This study will examine the production of proteins called chemokines in inflammatory skin
reactions. It is thought that chemokines attract or recruit white blood cells from the
blood stream into the skin when there is a skin injury or infection, causing inflammation.
This study will examine chemokine production in induced inflammatory reactions to try to
gain a better understanding of how white blood cells are attracted to inflamed areas of the
Healthy normal volunteers between 33 and 60 years old may be eligible for this study if they
1) have no history of chronic skin disease; 2) are not allergic to eggs; and 3) do not tend
to form large irregular scars after trauma to the skin from, for example, cuts, scratches
and surgical incisions. Candidates will be asked a short series of questions and have a
limited skin examination.
Participants will have 10 ml (2 tablespoons) of blood drawn from an arm vein at the start
and end of the 5-day study and undergo the following procedures:
1. Day 1 - Participants receive an injection in the right upper arm of mumps antigen (a
protein commonly used to tests for immunization against mumps) and an injection of
"vehicle" (saline plus the preservatives thimerosal, glycine and formaldehyde) in the
left upper arm.
2. Day 3 - Participants who develop a swelling from the mumps antigen larger than 5 mm
wide will receive another injection of antigen in the right arm and another injection
of vehicle in the left arm. Those whose swelling is not greater than 5 mm will be
excluded from the study at this point.
3. Day 5 - All four injection sites, plus another site on the left upper arm will be
biopsied. For this procedure the five injection areas are numbed with a local
anesthetic. A punch biopsy instrument that resembles a small cookie cutter (about
one-third the diameter of a dime) is inserted about one-fifth of an inch deep into the
skin and the tissue is removed. Two stitches are used to close the wound. Antibiotic
and bandages are applied for 5 days. Nine days after the biopsy the participant
returns to NIH for removal of the stitches.
New molecular biology techniques will be used to measure changes in chemokine production in
the biopsied tissue.
In the skin, T lymphocytes are critical modulators and effectors of acquired defense
responses such as delayed-type hypersensitivity (DTH). T lymphocytes and other leukocytes
are recruited to the challenged site via the interaction of selectins, integrins,
immunoglobulin gene superfamily molecules with their ligands, and cytokines including the
large and growing chemokine group. Endogenous proinflammatory agents such as Tumor Necrosis
Factor (TNF)-alpha and Interleukin-1 (IL-1) modulate lymphocyte recruitment via
up-regulation of endothelial adhesion molecules and chemokines. In vitro evidence suggests
that endothelial cell-derived chemokines may play a crucial role in inducing firm arrest of
leukocytes on endothelial cells prior to transmigration. However, the investigation of the
expression patterns and regulation of chemokines in human skin has been limited. Our goal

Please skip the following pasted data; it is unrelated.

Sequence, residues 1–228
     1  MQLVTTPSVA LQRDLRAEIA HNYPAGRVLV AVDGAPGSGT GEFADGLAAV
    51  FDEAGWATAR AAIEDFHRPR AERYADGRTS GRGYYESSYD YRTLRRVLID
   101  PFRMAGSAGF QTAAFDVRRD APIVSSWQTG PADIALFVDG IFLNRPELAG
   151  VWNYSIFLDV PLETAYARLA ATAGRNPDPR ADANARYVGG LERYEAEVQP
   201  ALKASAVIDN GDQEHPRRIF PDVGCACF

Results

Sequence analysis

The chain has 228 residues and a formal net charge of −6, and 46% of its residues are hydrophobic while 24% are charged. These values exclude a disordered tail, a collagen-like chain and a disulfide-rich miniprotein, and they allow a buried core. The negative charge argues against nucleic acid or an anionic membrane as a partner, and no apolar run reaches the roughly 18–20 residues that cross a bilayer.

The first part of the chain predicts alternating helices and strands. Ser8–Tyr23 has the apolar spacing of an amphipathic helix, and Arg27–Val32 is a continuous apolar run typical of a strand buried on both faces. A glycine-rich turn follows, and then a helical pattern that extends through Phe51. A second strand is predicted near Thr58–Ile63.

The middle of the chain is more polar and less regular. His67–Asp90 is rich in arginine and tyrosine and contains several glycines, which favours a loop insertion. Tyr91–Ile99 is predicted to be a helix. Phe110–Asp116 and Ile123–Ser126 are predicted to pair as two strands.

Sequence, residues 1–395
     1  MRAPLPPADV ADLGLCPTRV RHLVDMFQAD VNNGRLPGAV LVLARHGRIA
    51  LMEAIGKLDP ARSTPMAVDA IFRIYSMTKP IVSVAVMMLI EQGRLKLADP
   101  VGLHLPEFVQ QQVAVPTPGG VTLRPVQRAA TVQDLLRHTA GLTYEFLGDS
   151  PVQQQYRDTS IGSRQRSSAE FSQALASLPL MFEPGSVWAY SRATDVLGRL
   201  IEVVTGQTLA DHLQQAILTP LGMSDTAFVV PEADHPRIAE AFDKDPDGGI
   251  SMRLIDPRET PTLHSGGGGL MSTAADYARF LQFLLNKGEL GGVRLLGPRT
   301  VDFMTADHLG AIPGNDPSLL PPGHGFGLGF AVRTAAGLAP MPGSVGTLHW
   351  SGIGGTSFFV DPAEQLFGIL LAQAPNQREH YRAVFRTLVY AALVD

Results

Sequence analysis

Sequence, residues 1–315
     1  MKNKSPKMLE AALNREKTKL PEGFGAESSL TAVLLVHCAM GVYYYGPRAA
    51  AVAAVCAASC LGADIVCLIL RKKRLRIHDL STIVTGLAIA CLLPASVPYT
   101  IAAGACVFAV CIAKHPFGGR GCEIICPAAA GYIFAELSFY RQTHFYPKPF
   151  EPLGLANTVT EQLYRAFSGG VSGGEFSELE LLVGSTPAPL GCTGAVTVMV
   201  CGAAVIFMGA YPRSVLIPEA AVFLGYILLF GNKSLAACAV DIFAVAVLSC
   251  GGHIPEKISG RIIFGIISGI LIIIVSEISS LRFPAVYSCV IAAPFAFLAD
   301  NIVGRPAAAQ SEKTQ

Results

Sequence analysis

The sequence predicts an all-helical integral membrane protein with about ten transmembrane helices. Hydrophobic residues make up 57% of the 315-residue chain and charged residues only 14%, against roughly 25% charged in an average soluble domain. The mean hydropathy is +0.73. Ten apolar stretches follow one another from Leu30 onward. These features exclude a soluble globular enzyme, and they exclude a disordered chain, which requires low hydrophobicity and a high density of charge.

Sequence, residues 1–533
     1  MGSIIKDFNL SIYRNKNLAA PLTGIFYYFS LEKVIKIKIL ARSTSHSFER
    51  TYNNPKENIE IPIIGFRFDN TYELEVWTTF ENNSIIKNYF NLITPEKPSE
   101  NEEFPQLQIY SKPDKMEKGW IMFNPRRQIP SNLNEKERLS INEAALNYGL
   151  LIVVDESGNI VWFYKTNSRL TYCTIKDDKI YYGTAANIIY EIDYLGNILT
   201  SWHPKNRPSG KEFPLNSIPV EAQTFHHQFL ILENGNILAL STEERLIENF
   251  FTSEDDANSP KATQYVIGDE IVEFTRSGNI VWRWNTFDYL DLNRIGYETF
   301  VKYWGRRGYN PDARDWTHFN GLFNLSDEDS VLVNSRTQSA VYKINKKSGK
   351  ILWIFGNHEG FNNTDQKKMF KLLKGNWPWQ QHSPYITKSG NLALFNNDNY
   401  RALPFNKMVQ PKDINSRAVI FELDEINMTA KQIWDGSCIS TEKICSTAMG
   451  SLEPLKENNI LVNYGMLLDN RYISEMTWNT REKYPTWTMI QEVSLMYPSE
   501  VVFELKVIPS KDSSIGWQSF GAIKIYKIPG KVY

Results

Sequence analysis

is to qualitatively and quantitatively investigate changes in chemokine expression patterns
in human skin using a DTH response to mumps antigen as a model T cell mediated immunological
response. We will study the effects of intradermal injection of mumps antigen on cutaneous
chemokine expression in healthy human volunteers over a five-day period. Skin biopsies of
treated and mock-treated areas will be obtained and processed for state-of-the-art,
real-time quantitative RT-PCR analysis of mRNA for chemokines and related molecules of
interest. Routine and immunohistological analysis of chemokine receptor, chemokines,
cytokines and other cell markers on fixed and frozen tissue will also be performed in an
attempt to correlate chemokine expression patterns with the influx of leukocyte subsets into
skin. Our hypothesis is that the chemokines will be up-regulated, but that the kinetics and
expression patterns of individual chemokines may not be identical, thus possibly accounting
for the differential recruitment of T lymphocytes and other leukocytes during the course of
the DTH response. Chemokine expression as determined by quantitative RT-PCR will be
compared with results obtained semi-quantitatively by immunohistochemical staining. This
study may increase the understanding of the pathogenic mechanisms of inflammatory diseases
that are characterized by the recruitment of T lymphocytes, thus possibly identifying
targets for the treatment of cutaneous inflammatory diseases such as psoriasis.
Male or Female
Age: 33-60 years.
No ingestion of aspirin, ibuprofen, corticosteroids, COX-2 inhibitor such as Rofecoxib, or
other non-steroidal anti-inflammatory agents within 7 days of start of protocol.
No history of psoriasis or other chronic skin disease.
No known underlying chronic disease for which volunteer takes systemic medications.
Immunocompromised individuals are not eligible.
Patients with an allergy to eggs and/or thimerosal are not eligible.
Individuals with a history or physical evidence of keloid or hypertrophic scarring
resulting from skin trauma are not eligible.
Patients with a history of HIV, HTLV-1, or other immunodeficiency syndrome are not